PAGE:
Monday, April 25, 2011
"I like the struggle"
My partner Nancy was born and raised in New Orleans. She has tons of friends and family there and is deeply identified with the food, culture, music and weather. I just returned from visiting New Orleans for the first time. The architecture alone makes you feel like you're in a different country, but it's the energy--slow, humid, debauched-- that makes you feel like you're in a different world. Utterly refreshing. Old men with no teeth sauntering beside frat-boys in Bermuda shorts, both drinking from forty-ounce cans of beer in paper bags.... at eleven o'clock in the morning. Two hundred Catholic Bishops marching beside raggedy street musicians and a lone cop wearing a tight-fitting Village People-esque uniform. I never thought an uptight native Chicagoan like myself could enjoy the jello-paced lifestyle of New Orleans. I was worried it would drive me mad, but I'm happy to report that I loved it. All of it.
Nancy gave me the royal New Orleans treatment. She took me places no tourist would normally go, places I wouldn't have ventured to on my own. One night Nancy and I went with our friends Simon and Nadine to a bar called Bullets (see image) in the 7th Ward. A man named Bingo set up a huge BBQ in the "neutral-ground" (basically a median strip) and his wife, Miss Fanny, decorated a long card table with vinyl linens, fake grapes and plastic wine glasses. We dined there before heading in to see the music. While Bingo prepared pork chops for Simon, Nancy and Nadine, and a massive barbecued turkey leg for me, Miss Fanny offered us some Chardonnay and then told us about her experience during Hurricane Katrina.
Miss Fanny's former husband had recently died and she was staying with some friends in Lakeview, an area of town horribly hit by the flooding. Miss Fanny and all the people she was with waited on the roof of their house in Lakeview for two days. They were finally transported to the a freeway overpass where they stayed for three more days. "The media", she said, "flew over us like we were animals in the zoo" ignoring the reality that those stranded on the freeway lacked food, water, clothes and places to sleep. After five days, Miss Fanny was taken to Lafayette where her information was processed and her family was able to locate her. She then ended up in Washington D.C. for close to a year before returning to New Orleans. Two of the three people I was with that night had also been displaced during the hurricane, but they sat with me, jaws dropped to hear Miss Fanny share the struggle she endured during the storm and its aftermath.
While we ate and talked, Miss Fanny, Nancy, Simon and Nadine (all who had lived through Katrina) nodded and smiled, non-verbally expressing a profound love and a pride for their city. Miss Fanny told us how her life has changed in the five years since Hurricane Katrina. Cocking her head and raising her eyebrows above her glasses frames, Miss Fanny told us, "I was doing pretty well before Katrina." Now Miss Fanny works six nights a week in a sports bar trying to catch back up to her pre-Katrina status. "But I like the struggle" Miss Fanny mused. "I like the struggle. Once I get some extra time, Bingo and me are thinking about getting a dog." After dinner, Nancy, Nadine, Simon and I went into the wall-to-wall people-packed Bullets to listen to music by local trumpet legend Kermit Ruffins. During Kermit's break between sets, one of the waitresses stuck her chewing gum on to the back of her hand and the audience whooped and hollered as she did a five-minute rap about Hurricane Katrina.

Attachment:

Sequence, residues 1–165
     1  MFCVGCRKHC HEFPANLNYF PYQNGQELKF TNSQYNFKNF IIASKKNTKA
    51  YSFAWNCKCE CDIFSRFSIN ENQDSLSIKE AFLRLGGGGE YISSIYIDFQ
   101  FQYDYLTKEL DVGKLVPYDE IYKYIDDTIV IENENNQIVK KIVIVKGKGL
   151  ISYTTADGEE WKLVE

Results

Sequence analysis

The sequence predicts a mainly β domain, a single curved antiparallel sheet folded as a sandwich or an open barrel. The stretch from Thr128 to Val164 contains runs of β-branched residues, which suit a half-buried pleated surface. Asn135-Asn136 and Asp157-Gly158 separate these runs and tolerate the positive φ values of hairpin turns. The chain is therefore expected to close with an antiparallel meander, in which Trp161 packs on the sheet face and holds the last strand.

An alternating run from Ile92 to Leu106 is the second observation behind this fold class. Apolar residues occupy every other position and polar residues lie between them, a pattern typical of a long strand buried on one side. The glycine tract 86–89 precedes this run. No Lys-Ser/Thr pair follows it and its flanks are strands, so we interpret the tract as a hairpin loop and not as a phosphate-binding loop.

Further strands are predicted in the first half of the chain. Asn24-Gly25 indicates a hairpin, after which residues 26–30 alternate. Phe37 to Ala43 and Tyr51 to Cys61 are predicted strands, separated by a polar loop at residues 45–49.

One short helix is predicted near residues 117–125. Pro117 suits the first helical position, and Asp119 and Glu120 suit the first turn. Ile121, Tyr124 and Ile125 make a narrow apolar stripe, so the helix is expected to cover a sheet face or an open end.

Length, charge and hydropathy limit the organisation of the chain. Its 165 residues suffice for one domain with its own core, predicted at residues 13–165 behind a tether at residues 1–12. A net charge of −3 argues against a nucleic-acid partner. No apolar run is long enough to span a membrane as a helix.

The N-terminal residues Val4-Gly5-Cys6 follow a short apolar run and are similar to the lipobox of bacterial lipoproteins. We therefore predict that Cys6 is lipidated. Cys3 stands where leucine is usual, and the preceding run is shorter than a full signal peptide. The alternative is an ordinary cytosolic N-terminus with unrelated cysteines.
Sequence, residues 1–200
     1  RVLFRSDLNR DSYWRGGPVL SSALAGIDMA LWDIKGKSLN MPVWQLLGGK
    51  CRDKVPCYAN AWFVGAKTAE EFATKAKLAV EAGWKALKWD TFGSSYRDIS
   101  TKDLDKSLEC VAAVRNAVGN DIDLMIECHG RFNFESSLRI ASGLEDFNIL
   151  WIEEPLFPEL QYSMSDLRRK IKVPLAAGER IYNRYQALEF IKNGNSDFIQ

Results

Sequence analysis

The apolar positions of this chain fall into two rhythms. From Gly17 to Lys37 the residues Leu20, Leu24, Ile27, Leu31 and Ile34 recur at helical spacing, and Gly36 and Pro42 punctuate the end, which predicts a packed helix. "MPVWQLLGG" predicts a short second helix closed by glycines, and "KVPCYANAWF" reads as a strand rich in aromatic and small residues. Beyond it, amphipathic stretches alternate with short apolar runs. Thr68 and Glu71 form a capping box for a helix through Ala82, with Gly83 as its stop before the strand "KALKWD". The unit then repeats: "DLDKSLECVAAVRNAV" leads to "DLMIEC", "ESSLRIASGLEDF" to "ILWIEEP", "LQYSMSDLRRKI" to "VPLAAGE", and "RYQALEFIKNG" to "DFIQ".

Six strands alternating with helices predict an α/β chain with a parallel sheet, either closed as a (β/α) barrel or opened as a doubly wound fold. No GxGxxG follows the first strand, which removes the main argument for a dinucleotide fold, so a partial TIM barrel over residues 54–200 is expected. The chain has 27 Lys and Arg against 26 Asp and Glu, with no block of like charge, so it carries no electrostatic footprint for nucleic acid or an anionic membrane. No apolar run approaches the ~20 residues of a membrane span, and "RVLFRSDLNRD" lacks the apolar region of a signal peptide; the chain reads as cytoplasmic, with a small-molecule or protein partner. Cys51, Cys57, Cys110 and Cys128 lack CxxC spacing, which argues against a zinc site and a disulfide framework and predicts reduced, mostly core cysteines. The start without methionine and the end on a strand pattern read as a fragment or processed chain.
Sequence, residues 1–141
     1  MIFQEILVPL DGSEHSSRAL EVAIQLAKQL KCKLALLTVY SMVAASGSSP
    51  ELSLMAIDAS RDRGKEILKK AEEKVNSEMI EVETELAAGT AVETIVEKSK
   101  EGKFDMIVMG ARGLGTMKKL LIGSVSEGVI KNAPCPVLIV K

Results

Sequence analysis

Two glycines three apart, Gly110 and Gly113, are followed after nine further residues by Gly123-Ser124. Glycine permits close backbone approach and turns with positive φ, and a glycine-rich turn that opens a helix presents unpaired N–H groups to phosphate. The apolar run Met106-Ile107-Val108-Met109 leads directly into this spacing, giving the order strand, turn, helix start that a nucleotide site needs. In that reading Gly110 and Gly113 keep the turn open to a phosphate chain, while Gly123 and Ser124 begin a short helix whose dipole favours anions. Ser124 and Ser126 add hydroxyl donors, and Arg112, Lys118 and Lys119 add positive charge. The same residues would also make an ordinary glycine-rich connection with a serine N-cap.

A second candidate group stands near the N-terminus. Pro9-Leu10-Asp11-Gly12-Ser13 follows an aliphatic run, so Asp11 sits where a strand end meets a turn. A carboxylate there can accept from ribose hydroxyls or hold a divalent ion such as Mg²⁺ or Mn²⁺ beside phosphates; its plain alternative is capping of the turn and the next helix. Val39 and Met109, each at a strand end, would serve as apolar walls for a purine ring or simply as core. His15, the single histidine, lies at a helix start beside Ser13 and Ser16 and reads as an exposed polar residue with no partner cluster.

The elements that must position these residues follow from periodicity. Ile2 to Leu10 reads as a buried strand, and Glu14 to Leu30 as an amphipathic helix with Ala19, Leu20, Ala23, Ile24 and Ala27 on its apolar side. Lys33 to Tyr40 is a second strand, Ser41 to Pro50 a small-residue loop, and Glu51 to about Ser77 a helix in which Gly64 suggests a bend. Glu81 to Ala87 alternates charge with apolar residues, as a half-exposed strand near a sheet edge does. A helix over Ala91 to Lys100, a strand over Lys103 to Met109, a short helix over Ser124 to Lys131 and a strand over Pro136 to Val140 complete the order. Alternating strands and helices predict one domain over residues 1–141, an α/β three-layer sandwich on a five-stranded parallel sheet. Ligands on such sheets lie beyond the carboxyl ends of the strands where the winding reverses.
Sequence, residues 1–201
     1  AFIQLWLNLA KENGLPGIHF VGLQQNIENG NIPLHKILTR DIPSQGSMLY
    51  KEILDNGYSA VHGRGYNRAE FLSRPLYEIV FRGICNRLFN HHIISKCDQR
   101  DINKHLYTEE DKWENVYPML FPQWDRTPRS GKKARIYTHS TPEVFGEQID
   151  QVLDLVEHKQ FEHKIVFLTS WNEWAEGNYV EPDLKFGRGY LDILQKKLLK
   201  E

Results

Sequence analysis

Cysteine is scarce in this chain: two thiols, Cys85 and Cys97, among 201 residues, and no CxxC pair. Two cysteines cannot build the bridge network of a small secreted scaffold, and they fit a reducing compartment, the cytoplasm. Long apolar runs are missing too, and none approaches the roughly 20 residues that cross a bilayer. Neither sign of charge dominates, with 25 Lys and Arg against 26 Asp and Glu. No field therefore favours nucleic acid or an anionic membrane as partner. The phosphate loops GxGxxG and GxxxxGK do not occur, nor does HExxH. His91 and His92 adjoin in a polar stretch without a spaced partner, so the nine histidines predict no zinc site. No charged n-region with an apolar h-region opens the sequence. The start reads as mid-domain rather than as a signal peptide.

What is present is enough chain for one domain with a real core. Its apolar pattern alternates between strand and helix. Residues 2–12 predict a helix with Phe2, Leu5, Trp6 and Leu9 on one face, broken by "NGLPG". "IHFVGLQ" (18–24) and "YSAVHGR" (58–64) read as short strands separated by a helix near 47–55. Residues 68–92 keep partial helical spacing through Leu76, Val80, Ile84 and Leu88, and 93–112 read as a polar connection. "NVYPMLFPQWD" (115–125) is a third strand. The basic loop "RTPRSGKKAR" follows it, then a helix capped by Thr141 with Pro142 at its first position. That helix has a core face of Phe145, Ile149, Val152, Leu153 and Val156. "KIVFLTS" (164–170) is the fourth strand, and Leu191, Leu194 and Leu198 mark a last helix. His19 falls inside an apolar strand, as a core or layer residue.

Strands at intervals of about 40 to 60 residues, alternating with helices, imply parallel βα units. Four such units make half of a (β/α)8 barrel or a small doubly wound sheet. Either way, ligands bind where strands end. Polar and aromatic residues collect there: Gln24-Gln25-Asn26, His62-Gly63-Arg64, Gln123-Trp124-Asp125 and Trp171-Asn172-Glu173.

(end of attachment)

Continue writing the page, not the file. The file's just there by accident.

The day I returned home from New Orleans, I got a frantic text from Frankie telling me that a water main had broken at The SweatBox and the fire department was there breaking down doors and managing the flood of water. "A full-blown crisis" Frankie called it. Technically still on vacation, I did my best to let Frankie and the others on the scene take care of it. And they did. I stayed calm and rode the wave. Maybe this calmness came from my time in New Orleans--my exposure to the slower-pace, the absence of structure, the stories of rebuilding at every turn. Two days after our "full-blown crisis", things are almost back to normal for me and my little yoga studio. I can't imagine what it might have been like to live through a crisis like Hurricane Katrina, to have my life torn up like Miss Fanny. But, as I get ready to go in and finish cleaning up the studio, putting the pieces back together again, I picture Miss Fanny's gorgeous card table set up on the neutral ground in the 7th ward outside of Bullets Bar. Miss Fanny made something beautiful out of her struggle. And so will I.